Paul’s analysis is quite helpful, as it provides a flavor of what the FoCA crowd is up to, thereby saving you the painful task of reading the tiresome, repetitive drivel they turn out.
I was struck by this depressing observation:
Therefore there will be no schism in the sense of one organization separating itself out from another on a certain day, followed immediately by either or both bodies setting up new structures and legal identities.One can quibble about what is and is not schism. And one can speculate as to whether a formal break of FoCA from the Anglican Communion wouldn’t be good for all concerned. I suspect that FoCA sees some drawbacks to a clean break from the Communion. It would be easy for a Nigeria or Uganda to abandon the Communion, but what about a Diocese of Sydney? And what about individual parishes? Like the Anglican Church in North America, FoCA is parasitic and is trying to rustle as many sheep as it can wherever they can be found.
Instead there will be a steady continued tearing of the fabric as distinct ecclesial units (parishes, dioceses and provinces as well as individuals) align themselves explicitly with the FoCA. The legalities will depend on the law of each country (property and pensions being governed by secular law) and on the ecclesiastical structure of each Church.
Nonetheless, people have been asking for quite a while whether some churches of the Anglican Communion will actually leave the Communion or whether, for all practical purposes, they already have.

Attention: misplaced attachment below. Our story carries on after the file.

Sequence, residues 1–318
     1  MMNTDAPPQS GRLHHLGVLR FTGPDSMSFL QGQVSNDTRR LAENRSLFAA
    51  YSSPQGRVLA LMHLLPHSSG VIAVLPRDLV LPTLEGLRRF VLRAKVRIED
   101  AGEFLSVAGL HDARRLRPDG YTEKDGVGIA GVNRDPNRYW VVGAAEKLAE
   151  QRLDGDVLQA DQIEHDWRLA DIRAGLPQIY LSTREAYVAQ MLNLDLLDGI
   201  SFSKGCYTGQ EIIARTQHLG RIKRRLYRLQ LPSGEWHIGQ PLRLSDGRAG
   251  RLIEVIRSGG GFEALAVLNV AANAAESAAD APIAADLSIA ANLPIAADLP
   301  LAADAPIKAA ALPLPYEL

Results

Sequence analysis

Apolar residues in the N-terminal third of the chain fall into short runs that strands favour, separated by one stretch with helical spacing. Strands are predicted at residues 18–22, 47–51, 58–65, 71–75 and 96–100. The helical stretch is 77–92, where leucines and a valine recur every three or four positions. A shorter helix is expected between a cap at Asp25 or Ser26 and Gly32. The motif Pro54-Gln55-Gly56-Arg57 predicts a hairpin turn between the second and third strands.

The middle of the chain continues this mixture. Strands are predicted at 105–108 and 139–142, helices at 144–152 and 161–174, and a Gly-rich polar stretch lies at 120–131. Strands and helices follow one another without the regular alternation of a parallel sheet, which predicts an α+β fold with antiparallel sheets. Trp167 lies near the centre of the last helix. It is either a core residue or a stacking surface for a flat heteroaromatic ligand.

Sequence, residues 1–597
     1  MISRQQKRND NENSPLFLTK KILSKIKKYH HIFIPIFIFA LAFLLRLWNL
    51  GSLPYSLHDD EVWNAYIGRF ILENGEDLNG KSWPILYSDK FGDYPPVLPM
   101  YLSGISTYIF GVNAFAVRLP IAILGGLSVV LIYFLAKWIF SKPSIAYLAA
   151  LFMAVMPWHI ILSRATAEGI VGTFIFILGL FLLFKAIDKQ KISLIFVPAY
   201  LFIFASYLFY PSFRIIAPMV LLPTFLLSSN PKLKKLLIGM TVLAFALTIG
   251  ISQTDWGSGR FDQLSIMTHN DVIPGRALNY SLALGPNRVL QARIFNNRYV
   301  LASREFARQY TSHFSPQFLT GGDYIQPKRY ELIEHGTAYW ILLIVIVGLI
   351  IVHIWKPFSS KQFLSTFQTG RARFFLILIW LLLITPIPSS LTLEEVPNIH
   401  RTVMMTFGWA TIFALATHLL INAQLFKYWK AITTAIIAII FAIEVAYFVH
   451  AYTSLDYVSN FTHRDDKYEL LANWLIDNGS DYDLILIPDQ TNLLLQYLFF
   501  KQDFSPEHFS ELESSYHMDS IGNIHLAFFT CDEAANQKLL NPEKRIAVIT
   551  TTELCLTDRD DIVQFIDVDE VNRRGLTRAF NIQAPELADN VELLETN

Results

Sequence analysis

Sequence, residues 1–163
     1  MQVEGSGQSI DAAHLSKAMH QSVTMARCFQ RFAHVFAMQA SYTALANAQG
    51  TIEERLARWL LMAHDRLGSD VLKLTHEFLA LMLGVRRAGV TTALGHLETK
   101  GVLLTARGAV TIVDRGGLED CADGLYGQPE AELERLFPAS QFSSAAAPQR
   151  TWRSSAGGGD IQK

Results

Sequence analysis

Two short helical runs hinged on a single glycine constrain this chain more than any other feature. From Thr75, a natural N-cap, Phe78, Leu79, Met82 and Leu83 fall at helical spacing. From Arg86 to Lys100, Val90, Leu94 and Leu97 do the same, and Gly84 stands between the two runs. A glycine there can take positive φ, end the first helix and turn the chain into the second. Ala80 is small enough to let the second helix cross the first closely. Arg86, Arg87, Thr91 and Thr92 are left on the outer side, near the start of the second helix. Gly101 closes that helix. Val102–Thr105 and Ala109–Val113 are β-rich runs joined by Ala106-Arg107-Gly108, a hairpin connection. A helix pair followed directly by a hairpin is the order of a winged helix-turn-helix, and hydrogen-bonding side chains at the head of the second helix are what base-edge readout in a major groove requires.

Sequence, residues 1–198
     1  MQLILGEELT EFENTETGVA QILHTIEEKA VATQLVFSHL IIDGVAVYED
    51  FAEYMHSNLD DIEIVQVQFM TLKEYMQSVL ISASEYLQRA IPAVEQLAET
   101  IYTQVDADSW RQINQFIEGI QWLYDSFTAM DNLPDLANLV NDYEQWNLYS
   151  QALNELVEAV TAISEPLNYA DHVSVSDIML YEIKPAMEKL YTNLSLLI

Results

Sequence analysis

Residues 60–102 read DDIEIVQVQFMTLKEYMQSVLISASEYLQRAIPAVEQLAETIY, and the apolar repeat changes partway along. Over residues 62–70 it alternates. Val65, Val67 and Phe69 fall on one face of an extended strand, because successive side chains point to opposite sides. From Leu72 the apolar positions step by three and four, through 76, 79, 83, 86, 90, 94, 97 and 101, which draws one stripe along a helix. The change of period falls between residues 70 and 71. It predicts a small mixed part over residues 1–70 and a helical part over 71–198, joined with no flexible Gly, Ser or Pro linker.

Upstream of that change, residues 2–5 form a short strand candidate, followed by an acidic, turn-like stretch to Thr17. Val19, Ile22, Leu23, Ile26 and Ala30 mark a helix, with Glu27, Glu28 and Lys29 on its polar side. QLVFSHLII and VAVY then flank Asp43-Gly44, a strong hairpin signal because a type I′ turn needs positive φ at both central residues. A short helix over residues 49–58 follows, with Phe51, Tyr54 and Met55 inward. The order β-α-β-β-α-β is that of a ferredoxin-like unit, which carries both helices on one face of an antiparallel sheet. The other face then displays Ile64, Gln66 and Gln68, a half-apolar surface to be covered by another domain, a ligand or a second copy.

I am inclined to view the Communion as having already split, and believe that it might be time to recognize the new reality. The Anglican Communion is not, in fact, the group of churches in communion with the Archbishop of Canterbury (or, for that matter, the Church of England). England has communion agreements with other churches that have never been considered either Anglican or part of the Anglican Communion. But does it, in fact, make sense to have an Anglican Communion in which it is not the case that every church in it is in communion with every other church?
I don’t know that The Episcopal Church has ever declared broken communion with another church. We did not even do so when Southerners broke away from The Episcopal Church during the Civil War. But the situation is different with, say, the Church of the Province of Uganda, which claims no longer to be in communion with The Episcopal Church. Is The Episcopal Church in communion with the Church of the Province of Uganda nonetheless? Of course not. Being in communion is a symmetric relation. A in communion with B implies that B must also be in communion with A. The Episcopal Church cannot impose communion on its Ugandan counterpart. This is like friendship. I cannot legitimately claim I am Joe’s friend if Joe has publicly declared that I am not his friend and has acted accordingly.
The Episcopal Church should acknowledge the obvious: we are not in communion with Anglican Communion churches that have broken off communion with us. Moreover, an Archbishop of Canterbury who was interested in real, rather than faux, unity of the Anglican Communion would make it clear that a church cannot be in the Anglican Communion if it is not in communion with all the sister churches of the fellowship.
Let’s get on with the Anglican divorce, so we can get beyond the bickering with which the Calvinists have tied the Communion in knots in the past decade or so.